For centuries, the vineyards at Château Renard have depended on the talent of their vine witches, whose spells help create the world-renowned wine of the Chanceaux Valley. Then the skill of divining harvests fell into ruin when sorcière Elena Boureanu was blindsided by a curse. Now, after breaking the spell that confined her to the shallows of a marshland and weakened her magic, Elena is struggling to return to her former life. And the vineyard she was destined to inherit is now in the possession of a handsome stranger.

Vigneron Jean-Paul Martel naively favors science over superstition, and he certainly doesn’t endorse the locals’ belief in witches. But Elena knows a hex when she sees one, and the vineyard is covered in them. To stay on and help the vines recover, she’ll have to hide her true identity, along with her plans for revenge against whoever stole seven winters of her life. And she won’t rest until she can defy the evil powers that are still a threat to herself, Jean-Paul, and the ancient vine-witch legacy in the rolling hills of the Chanceaux Valley.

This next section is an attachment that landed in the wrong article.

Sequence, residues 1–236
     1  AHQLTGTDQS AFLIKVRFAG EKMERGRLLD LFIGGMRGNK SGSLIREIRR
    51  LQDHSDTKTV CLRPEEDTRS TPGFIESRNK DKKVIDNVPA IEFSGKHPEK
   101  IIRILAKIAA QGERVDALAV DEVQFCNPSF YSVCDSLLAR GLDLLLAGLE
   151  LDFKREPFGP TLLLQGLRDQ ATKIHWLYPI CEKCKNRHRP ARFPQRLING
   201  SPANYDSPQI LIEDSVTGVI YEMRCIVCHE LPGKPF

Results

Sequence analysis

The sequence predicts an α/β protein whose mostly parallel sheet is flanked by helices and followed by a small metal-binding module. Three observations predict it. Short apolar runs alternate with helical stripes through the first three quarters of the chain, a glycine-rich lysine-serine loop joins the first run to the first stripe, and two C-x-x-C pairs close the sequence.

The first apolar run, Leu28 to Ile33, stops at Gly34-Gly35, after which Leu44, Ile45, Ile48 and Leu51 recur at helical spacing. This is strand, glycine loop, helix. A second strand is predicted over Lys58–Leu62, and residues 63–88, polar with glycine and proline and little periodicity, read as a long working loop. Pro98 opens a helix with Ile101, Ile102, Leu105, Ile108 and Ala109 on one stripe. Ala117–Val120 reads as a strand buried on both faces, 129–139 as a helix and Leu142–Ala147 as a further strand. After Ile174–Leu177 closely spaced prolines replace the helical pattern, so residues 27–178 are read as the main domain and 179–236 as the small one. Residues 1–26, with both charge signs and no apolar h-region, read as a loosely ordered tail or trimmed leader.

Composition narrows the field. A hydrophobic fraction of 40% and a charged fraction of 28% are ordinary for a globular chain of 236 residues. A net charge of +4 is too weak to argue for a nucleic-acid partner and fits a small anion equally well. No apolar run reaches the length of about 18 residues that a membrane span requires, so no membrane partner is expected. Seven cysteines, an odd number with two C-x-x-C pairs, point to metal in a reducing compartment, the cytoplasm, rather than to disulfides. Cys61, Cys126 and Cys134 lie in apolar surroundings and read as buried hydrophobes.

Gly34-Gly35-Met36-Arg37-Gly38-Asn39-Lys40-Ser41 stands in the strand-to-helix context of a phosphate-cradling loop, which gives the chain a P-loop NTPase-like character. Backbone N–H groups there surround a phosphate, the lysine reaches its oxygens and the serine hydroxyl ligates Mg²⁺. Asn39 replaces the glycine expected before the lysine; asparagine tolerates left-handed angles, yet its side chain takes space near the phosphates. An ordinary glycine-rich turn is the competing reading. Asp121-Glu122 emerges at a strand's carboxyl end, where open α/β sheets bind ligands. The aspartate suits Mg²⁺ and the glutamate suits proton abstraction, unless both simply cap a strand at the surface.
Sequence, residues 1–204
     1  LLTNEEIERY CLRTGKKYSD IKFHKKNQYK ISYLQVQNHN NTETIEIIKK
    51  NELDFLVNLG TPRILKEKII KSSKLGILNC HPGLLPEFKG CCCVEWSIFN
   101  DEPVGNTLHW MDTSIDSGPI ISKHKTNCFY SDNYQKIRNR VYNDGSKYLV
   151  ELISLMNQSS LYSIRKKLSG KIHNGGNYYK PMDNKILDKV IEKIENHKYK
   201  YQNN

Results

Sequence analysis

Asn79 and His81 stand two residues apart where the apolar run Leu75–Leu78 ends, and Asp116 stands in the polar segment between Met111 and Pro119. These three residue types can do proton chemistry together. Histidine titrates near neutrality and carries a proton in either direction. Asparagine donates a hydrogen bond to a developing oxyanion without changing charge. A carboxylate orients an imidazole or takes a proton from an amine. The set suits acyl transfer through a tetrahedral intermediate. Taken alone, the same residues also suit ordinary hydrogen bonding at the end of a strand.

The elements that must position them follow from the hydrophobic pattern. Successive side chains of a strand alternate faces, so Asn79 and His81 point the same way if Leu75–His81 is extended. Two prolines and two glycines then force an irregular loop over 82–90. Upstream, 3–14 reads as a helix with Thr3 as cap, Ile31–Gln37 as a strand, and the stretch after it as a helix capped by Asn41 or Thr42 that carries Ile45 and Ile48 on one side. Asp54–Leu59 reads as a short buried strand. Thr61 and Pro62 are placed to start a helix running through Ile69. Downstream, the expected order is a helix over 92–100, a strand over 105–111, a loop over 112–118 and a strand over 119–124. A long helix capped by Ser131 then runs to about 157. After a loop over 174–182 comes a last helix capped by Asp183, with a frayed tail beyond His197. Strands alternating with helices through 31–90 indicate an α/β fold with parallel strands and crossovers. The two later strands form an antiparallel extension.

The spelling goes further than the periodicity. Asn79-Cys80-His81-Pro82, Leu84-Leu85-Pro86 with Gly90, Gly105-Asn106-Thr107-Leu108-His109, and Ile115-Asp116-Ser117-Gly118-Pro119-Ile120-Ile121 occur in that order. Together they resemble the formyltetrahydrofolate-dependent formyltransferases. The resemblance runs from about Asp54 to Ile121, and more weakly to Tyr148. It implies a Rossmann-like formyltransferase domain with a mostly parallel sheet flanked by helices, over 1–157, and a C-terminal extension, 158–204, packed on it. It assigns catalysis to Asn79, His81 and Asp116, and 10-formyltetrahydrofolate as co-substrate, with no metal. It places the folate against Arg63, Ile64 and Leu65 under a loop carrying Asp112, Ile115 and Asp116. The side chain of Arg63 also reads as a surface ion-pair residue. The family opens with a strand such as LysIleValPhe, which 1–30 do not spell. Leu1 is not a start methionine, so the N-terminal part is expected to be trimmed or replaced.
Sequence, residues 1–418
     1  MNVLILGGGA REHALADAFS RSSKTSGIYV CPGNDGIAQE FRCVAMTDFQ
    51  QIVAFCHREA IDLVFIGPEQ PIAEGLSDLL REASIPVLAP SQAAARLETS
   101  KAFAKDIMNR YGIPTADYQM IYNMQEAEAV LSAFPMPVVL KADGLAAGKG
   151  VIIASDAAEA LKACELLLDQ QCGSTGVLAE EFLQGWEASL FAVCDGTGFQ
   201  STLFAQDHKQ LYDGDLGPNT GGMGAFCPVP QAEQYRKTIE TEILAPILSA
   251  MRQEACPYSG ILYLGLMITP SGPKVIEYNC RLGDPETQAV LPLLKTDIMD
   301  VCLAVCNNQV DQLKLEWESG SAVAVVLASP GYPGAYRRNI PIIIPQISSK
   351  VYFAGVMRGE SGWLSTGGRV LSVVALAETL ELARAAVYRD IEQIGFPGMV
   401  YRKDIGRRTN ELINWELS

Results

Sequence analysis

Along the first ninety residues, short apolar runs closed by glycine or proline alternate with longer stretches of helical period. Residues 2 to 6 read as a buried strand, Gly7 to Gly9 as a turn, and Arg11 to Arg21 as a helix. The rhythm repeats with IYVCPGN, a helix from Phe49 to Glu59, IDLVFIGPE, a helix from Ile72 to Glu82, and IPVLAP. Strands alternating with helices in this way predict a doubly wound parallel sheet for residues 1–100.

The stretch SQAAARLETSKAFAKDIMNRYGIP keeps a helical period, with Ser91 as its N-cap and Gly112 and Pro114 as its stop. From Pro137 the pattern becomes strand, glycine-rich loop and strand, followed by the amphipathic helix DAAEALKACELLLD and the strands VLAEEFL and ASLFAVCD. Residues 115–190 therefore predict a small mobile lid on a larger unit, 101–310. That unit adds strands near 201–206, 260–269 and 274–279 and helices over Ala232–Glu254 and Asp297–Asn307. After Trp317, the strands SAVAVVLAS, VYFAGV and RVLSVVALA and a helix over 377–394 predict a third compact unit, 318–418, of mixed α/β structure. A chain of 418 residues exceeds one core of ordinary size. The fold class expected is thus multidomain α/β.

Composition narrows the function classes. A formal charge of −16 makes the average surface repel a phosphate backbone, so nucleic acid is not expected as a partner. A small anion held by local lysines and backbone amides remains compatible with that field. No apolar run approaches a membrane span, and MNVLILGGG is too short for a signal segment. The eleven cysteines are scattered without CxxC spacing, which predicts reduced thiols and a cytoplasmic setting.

My Thoughts:

Oh man did I love this book! I got it from the Amazon First Reads program and I immediately started reading it. And that cover is a thing of beauty!

I love this world that Smith has created – a place of magical realism with witches that help tend the vines that supply the wine, nurture the land with their own brand of magic, watch over the vineyard for curses and spells and add their own magical flavor to the terroir. In this world, bierehexe also exist, doing the same for the beers in the Alps, bakers that create treats that you crave only when you are in love, and other various supernatural elements.